CHENNAI: As he dragged his weary body to the mixed zone, soon after his record-breaking run in the 400m event at the Gold Coast Commonwealth Games, Muhammed Anas Yahiya struggled to put his thoughts into words. Maybe it was that the damp Gold Coast air wasn’t exactly what his hyperventilating lungs needed then or that his brain was struggling to process questions being fired from all corners in unfamiliar languages. Or maybe he was still trying to digest that he had missed, what would have been a pathbreaking medal, by one-fifth of a second.
A week since his return to India, Anas is more composed and more eloquent than the monosyllabic youngster flashing smiles at frustrated journalists. He has seen replays of his race over and over again. The ending though remains the same every time. “I don’t know,” he says. “Every time I see it, I think I could have done this differently or that. I could have won bronze. I called up my mother after the race and she told me that it was okay. Do better next time.”
The Asian Games is next but preparations for that haven’t started well. In the run-up to Gold Coast, Anas preferred to not join the national camp in Patiala and instead train with his coach PB Jaikumar in Kerala. “I am in Patiala now,” Anas says. “I came straight here and I don’t think I will get to go home before the Asian Games. So yea, by the time I get to go home, it would have been an almost an year.” “No, Jaikumar sir is not here,” he confirms the inevitable. “He can’t leave Kerala right now. I had requested that I be allowed to train in Kerala under him.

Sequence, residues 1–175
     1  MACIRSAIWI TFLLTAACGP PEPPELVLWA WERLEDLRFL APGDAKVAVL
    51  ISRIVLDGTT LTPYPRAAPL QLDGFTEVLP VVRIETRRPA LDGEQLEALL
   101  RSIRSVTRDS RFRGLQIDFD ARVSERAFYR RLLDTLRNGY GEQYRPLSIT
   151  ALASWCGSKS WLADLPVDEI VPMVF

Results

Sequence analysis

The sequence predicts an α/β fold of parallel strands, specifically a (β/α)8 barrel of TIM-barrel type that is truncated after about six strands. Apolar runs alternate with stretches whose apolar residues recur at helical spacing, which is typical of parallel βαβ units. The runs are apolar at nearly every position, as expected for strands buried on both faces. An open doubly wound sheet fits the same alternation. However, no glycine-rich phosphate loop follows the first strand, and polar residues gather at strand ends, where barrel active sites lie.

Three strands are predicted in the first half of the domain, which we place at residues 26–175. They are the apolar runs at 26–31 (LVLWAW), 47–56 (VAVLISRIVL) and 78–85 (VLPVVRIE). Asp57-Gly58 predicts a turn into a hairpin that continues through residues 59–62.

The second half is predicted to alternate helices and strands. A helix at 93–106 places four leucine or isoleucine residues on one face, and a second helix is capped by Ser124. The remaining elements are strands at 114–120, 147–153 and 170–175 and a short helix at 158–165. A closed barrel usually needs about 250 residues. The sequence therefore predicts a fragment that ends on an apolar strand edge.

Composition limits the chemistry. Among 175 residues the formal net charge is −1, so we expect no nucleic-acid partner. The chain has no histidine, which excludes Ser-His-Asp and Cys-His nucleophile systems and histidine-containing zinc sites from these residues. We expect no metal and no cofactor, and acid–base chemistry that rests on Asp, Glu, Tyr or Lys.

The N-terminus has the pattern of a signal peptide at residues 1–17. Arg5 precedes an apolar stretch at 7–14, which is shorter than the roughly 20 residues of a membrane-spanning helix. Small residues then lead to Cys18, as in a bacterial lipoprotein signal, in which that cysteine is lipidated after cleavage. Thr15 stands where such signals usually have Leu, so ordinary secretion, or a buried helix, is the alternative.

We will have to see what happens after the Asian Games since I am working with a new coach.” The switch has meant a significant change of plan for Anas. Jaikumar had seen, as far back as 2016, a hurdler who could make an Olympic final in Anas. “He could do even better in hurdles,” Jaikumar says. “The way he was going, we could have expected an Asian Games medal and a final qualification in the Tokyo Olympics.” Now that plan is on freeze since no one apart from Jaikumar appears to envision Anas as a hurdler. “I have told him to be at the camp till the Asian Games.
After that, he is free to decide what he wants to do. If he wants to train away from them at his own risk, he is more than welcome to return to me.” he said. While it is easy to paint the Athletics Federation of India as the villain of the piece, their officials say that the organisation is not as dictatorial as they are made out to be. “We don’t force athletes to do anything,” said AFI secretary CK Valson. “It’s not that we want every athlete to be at the national camp and nowhere else. We just want the relay team to practice together and Anas is part of that relay team. That is why he was asked to join the camp in Patiala.”